Fuel cells have gained a lot of attention because they provide a potential solution to our addiction to fossil fuels. Energy production from oil, coal and gas is an extremely polluting, not to mention wasteful, process that consists of heat extraction from fuel by burning it, conversion of that heat to mechanical energy, and transformation of that mechanical energy into electrical energy. In contrast, fuel cells are electrochemical devices that convert a fuel's chemical energy directly to electrical energy with high efficiency and without combustion (although fuel cells operate similar to batteries, an important difference is that batteries store energy, while fuel cells can produce electricity continuously as long as fuel and air are supplied). Modern fuel cells have the potential to revolutionize transportation. One of the leading fuel cell technologies developed in particular for transportation applications is the proton exchange membrane fuel cell, also known as polymer electrolyte membrane fuel cells - both resulting in the same acronym PEMFC
It wasn't market forces that landed a man on the moon; and It wasn't market forces that led France to build a nuclear energy infrastructure that now enables it to generate some 75% of its entire energy needs from nuclear power (just an example of what energy policy can do; let's not get into a discussion here of nuclear energy, though). But somehow, the leading political and industrial forces in the United States - together with China the largest emitter of greenhouse gases on the planet - think that a task so fundamental and massive as fighting global warming and environmental pollution should mostly be left 'to the market'. Unfortunately, it's just a matter of economic reality that 'the market' will not invest in new energy technologies on a large scale until existing ways of producing energy become more expensive than producing alternative energies - which at the moment they aren't. As is the case with almost all emerging technologies, government initially lends a helping hand before the technology becomes a viable commercial proposition and the market takes over (remember how the Internet got created?). In the case of future clean energy technologies, it appears that this 'helping hand' needs to be massive and swift. It's not so much that clean/green tech wouldn't develop over time on its own. But it's against the backdrop of accelerating global warming that it becomes a top priority that requires massive public resources.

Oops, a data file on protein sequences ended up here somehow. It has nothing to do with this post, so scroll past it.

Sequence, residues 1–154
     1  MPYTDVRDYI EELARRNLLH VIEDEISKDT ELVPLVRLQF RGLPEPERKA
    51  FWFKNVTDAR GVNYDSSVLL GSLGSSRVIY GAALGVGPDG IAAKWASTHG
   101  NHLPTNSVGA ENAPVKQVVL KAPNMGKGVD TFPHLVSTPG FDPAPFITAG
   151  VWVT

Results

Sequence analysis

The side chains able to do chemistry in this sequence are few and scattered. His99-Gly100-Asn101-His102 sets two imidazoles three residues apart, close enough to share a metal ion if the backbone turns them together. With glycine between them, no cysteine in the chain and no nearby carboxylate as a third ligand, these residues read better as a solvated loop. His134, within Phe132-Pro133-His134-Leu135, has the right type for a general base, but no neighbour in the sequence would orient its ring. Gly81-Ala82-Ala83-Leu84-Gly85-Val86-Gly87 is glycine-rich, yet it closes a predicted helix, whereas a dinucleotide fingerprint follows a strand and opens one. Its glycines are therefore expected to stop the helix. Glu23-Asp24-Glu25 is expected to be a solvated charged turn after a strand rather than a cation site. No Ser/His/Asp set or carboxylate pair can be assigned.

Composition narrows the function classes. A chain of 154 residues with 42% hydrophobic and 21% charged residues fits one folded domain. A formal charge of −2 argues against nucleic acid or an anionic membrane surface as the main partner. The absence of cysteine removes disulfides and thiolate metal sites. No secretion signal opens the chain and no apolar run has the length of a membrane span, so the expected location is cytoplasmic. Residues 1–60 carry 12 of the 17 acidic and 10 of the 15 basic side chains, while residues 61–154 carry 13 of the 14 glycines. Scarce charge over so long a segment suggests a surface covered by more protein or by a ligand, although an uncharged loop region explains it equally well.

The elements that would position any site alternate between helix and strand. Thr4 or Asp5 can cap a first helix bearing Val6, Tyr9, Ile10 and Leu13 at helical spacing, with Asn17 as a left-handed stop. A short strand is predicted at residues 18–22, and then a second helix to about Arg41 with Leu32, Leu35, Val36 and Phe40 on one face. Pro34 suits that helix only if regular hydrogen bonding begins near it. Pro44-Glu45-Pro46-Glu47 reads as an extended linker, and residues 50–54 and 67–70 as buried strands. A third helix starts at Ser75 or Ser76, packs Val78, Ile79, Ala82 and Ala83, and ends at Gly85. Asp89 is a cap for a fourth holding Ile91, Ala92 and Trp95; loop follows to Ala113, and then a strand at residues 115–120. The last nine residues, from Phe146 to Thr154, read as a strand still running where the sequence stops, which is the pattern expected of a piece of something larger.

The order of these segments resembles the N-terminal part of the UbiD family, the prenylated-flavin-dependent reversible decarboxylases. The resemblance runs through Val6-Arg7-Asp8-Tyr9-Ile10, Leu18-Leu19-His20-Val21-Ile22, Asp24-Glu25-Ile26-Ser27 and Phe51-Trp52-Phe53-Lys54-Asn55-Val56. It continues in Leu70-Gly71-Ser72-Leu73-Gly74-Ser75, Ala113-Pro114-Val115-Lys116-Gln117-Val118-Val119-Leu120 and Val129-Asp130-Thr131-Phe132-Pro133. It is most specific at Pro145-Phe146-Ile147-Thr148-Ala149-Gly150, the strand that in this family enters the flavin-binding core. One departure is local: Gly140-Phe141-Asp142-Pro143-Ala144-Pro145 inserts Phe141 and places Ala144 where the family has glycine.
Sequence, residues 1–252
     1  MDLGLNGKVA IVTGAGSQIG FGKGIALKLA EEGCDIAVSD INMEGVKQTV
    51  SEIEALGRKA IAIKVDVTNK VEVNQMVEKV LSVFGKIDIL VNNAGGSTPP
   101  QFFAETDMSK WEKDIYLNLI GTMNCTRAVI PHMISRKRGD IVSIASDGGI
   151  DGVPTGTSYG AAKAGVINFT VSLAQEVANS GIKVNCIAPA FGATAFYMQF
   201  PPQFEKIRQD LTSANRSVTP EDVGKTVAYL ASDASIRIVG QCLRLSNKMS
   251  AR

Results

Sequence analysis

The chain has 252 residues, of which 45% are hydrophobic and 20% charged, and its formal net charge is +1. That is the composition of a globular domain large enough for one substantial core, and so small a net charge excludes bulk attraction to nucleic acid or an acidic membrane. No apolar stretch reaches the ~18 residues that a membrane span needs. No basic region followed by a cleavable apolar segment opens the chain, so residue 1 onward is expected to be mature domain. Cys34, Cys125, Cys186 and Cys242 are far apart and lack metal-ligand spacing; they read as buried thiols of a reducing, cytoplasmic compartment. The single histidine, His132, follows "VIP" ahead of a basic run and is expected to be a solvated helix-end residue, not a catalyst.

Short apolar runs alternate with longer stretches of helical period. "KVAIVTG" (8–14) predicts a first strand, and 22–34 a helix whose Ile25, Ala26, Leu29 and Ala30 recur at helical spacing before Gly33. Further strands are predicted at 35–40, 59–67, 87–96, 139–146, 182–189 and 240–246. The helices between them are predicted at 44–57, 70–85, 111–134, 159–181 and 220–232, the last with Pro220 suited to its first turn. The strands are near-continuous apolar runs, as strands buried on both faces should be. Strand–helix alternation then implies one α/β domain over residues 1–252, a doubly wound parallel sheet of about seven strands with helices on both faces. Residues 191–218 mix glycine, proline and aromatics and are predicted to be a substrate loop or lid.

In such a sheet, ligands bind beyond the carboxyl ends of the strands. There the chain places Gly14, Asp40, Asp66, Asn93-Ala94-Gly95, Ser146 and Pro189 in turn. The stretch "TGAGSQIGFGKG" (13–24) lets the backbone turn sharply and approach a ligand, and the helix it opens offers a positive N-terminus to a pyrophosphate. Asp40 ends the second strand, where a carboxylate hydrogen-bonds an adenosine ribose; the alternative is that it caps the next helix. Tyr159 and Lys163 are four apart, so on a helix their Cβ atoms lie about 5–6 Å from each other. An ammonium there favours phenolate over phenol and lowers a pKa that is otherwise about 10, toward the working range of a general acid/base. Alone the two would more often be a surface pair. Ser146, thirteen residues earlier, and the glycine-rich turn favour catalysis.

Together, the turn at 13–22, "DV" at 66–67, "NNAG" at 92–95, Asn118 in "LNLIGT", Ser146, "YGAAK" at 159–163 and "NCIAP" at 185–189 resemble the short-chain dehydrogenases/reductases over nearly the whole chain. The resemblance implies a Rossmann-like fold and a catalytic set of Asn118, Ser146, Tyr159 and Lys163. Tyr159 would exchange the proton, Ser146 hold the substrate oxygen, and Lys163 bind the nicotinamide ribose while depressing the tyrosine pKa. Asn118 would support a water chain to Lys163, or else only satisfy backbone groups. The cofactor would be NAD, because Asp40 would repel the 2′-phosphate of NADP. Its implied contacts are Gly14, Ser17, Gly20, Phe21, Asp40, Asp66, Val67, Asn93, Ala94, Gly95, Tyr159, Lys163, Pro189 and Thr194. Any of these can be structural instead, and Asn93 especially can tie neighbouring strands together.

The race is on to develop the next generation of nanotechnology-enabled electrochemical energy storage devices, also knows as batteries. Lithium of course has long been recognized as an ideal material for energy storage due to its light weight and high electrochemical energy potential, as witnessed by the ubiquitous use of Li-ion batteries. There still seems to be considerable potential to further improve the performance characteristics of these Li-ion batteries. There have been many design approaches to creating lithium ion batteries but they usually share common features: The positive electrode is typically a lithium metal oxide, with various metals used such as cobalt, nickel, and manganese. The negative electrode is typically a carbon compound or natural or synthetic graphite. Researchers in Germany have now demonstrated a simple route for transforming cheap commercial carbon nanotubes into highly efficient carbon for electrochemical energy storage applications. When tested as electrode materials for lithium batteries, this composite material exhibits excellent performance over long test cycles.
Two of the major challenges of our modern, mobile society are the shrinking of available fossil energy resources on one hand and climate change associated with global warming on the other. Continuing population growth multiplied by the increase in consumption and living standards, especially in developing countries, will require more and more oil, coal and natural gas to 'power' humanity. Notwithstanding efforts like the Kyoto Protocol - which wasn't signed by the two major CO2 polluters China and the U.S. - an ever increasing rate of fossil fuel usage means that the increasing emission of CO2 is likely to cause an acceleration of the climate change that is in progress already. Transportation, in particular passenger cars, is one of the areas where new technology could lead to environmental beneficial change. Never mind that GM is still selling 15-20,000 Hummers a year, or that Tata is planning to sell millions of its new Nano car. One of the much touted technological solutions is to substitute fossil hydrocarbon based energy with the energy from carbon-free sources like the sun, nuclear energy, or the hot interior of the Earth and use hydrogen as an energy carrier. Hydrogen can be produced from water using energy from carbon-free sources and can serve as fuel in fuel cells to generate electricity, either stationary or on board of vehicles. Considerable research efforts are going into the evaluation of various nanostructures, such as carbon nanotubes, to find the most suitable hydrogen storage materials.